Every fall, I take my environmental studies class camping at Sleeping Bear Dunes National Lakeshore on Lake Michigan. Some years the beach extends more than three meters to the water. This year, in many spots, there was no beach at all.
Biggest Impacts<p>My research looks at the ways that Canada and the U.S., along with the bilateral <a href="https://press.ucalgary.ca/books/9781773851075/" target="_blank">International Joint Commission</a>, have tried to understand and control water in the Great-Lakes St. Lawrence River Basin for well more than a century.</p><p>Both countries have made large diversions in and out of the Great Lakes, such as the <a href="https://www.huffpost.com/entry/the-past-and-future-of-the-chicago-sanitary-and-ship_b_59934c9be4b0eef7ad2c01c0" target="_blank">Chicago Sanitary and Ship Canal</a>, as well as numerous smaller diversions and canals.</p><p>In the 1950s, dams along the <a href="https://www.amazon.com/Negotiating-River-Creation-Lawrence-History/dp/0774826444" target="_blank">St. Lawrence</a> transformed this gigantic river into a hydropower pool and navigation channel and, controversially, <a href="https://www.tandfonline.com/doi/abs/10.1080/07011784.2018.1475263" target="_blank">to help regulate water levels in Lake Ontario</a>. Control works in the St. Marys River partially regulate Lake Superior. Niagara Falls is <a href="https://slate.com/technology/2019/05/niagara-falls-june-1969-dewatering.html" target="_blank">treated like a tap</a> to generate both hydropower and beauty. Then there is the 100-plus years of perpetually <a href="https://greatlakesdredging.net/publications/1996-case-study-solec-paper-changing-land-use/" target="_blank">dredging channels and harbours</a> for navigation.</p><img lazy-loadable="true" src="https://assets.rebelmouse.io/eyJhbGciOiJIUzI1NiIsInR5cCI6IkpXVCJ9.eyJpbWFnZSI6Imh0dHBzOi8vYXNzZXRzLnJibC5tcy8yMjAwOTk5MC9vcmlnaW4uanBnIiwiZXhwaXJlc19hdCI6MTYyNzQwOTM3OX0.fHxLdz0fSy5nCcSWafhUpT_FSoUdXq-fhzQOWSYGkZg/img.jpg?width=980" id="a438c" class="rm-shortcode" data-rm-shortcode-id="22d3ef2bce99f5fe15738d4f818f06ad" data-rm-shortcode-name="rebelmouse-image" />
Lake Michigan's high water levels consumed beaches at Sleeping Bear Dunes National Lakeshore in 2019. Daniel Macfarlane / Author provided
Natural Supply<p>However, natural forces — rain, snow, ice cover, temperature, evaporation — are the biggest determinant of water levels in the Great Lakes.</p><p>As long as humans have kept records, <a href="https://www.lre.usace.army.mil/Missions/Great-Lakes-Information/Great-Lakes-Information.aspx#ICG_ETH_22302" target="_blank">Great Lakes water levels have oscillated</a>. Depending on which of the Great Lakes one considers, the maximum range of water level fluctuations has been about one to two meters in the past 150 years. For example, very high water occurred in the early 1950s, early 1970s, mid-1980s and mid-1990s.</p><p>Now, pushed by a changing climate, the swings in levels that used to take several decades are occurring in half a decade. Instead of a gradual rise and fall, the lakes are going from extreme to extreme.</p><img lazy-loadable="true" src="https://assets.rebelmouse.io/eyJhbGciOiJIUzI1NiIsInR5cCI6IkpXVCJ9.eyJpbWFnZSI6Imh0dHBzOi8vYXNzZXRzLnJibC5tcy8yMjAwOTYxNS9vcmlnaW4uanBnIiwiZXhwaXJlc19hdCI6MTYwMjg4MjkyMH0.ltxtHegFQONvIaLD9xOAd6TIlpaj3kJ_UpX0P3L_L6I/img.jpg?width=980" id="3bda2" class="rm-shortcode" data-rm-shortcode-id="d73bba3419f1a5c413438750e72fb4cf" data-rm-shortcode-name="rebelmouse-image" />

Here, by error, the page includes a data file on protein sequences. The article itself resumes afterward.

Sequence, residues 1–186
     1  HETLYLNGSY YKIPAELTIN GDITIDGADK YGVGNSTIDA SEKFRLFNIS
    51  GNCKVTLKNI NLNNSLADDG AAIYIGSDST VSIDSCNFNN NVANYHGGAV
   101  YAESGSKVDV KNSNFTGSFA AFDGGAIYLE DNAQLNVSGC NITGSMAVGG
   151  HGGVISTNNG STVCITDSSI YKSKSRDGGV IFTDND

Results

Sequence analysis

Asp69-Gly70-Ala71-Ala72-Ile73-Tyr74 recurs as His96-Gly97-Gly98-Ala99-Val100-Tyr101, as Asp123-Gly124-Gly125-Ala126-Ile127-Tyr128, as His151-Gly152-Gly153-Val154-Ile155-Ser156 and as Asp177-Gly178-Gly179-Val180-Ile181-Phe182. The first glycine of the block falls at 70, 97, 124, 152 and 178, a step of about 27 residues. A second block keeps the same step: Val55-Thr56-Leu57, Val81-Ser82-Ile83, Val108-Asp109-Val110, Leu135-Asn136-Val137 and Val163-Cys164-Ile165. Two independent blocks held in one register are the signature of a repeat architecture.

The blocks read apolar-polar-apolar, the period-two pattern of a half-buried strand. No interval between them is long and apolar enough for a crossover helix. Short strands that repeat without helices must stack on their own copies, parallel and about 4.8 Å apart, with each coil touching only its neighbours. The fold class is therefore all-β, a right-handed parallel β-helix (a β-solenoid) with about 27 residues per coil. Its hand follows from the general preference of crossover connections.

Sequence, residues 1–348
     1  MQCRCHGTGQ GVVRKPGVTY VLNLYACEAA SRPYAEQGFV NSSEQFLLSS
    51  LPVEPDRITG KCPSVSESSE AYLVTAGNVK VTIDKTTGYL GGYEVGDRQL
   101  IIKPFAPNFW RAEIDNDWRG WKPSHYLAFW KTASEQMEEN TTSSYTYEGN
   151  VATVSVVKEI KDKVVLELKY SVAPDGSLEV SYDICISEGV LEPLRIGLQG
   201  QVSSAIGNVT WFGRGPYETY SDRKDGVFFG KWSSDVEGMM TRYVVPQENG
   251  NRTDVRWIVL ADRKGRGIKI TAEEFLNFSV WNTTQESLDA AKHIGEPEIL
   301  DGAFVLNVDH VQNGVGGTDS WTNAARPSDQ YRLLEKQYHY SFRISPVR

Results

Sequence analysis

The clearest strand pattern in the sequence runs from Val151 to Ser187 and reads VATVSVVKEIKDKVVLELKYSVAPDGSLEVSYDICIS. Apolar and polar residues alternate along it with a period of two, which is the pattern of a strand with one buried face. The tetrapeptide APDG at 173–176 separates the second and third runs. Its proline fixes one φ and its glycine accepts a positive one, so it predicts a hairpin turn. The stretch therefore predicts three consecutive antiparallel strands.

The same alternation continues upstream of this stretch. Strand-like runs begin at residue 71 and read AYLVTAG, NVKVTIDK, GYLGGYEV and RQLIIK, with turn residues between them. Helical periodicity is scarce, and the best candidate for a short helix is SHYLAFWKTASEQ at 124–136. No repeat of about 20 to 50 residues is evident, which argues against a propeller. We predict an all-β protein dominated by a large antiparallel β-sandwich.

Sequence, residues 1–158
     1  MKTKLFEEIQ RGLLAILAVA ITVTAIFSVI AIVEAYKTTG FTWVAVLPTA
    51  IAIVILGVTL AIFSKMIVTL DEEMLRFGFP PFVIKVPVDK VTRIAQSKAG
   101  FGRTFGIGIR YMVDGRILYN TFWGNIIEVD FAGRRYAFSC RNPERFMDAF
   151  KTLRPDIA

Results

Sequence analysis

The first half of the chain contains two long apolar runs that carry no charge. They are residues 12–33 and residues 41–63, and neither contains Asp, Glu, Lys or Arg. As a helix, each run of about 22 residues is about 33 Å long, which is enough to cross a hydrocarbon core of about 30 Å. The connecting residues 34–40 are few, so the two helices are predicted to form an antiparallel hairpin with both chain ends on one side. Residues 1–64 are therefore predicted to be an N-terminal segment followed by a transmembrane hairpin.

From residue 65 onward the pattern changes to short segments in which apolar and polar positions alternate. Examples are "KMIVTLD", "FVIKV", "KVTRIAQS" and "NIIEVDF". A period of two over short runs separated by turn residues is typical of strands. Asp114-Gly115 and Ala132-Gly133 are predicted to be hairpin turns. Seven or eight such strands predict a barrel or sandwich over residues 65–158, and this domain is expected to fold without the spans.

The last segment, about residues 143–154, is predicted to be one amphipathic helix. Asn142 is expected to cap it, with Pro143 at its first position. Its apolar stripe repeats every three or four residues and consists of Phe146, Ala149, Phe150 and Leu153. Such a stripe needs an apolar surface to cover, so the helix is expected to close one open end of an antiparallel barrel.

High water levels inundate a waterfront home on the St. Lawrence River in May 2017.
Moving Back<p>Water needs breathing space. We need to move out of the way, rather than try to move water out of our way.</p><p>Humans have removed, impaired or destroyed many of the lakes' natural buffers, which accommodate fluctuating water. We've eradicated shoreline wetlands and beaches and covered them with concrete.</p><p>If a property along the Great Lakes is getting wet now, it will almost certainly be wetter in the future. While there is some scientific uncertainty about exactly what climate change will do to water levels, the extreme highs and lows will get worse. Volatility is the new normal.</p><p>Like climate change, when it comes to addressing Great Lakes levels, the biggest hurdles aren't scientific — they are political, economic and social.</p><p><a href="https://www.tvo.org/video/great-lakes-great-problems" target="_blank">Any new infrastructure</a> along Great Lakes shorelines must be flexible, adaptable and resilient.</p><p>But we must also realize that the answer isn't more infrastructure. Infrastructure is too often the cause of our environmental issues.</p><p>We need to remove structures entirely and avoid building anything near the water's edge. This will have the added benefit of making more of the Great Lakes accessible to everyone. Since governments zoned vulnerable areas for construction, government funding should be provided.</p><p>We should use the opportunity to <a href="https://www.watershedcouncil.org/benefits-of-wetlands.html" target="_blank">restore natural shorelines and wetlands</a>. These provide many benefits for both water quality and water quantity. In terms of the latter, they can serve as water retention areas, while wetland plants provide erosion control.</p><p>This is all going to be very hard for many people to hear — there will be major resistance. But not moving is going to cost more in the long run. We think we can control water levels, but we need to think differently.</p><p><em>Reposting with permission from our media associate <a href="https://theconversation.com/great-lakes-flooding-the-warning-signs-that-homes-must-be-moved-122697" target="_blank" rel="noopener noreferrer">The Conversation</a>.</em></p>
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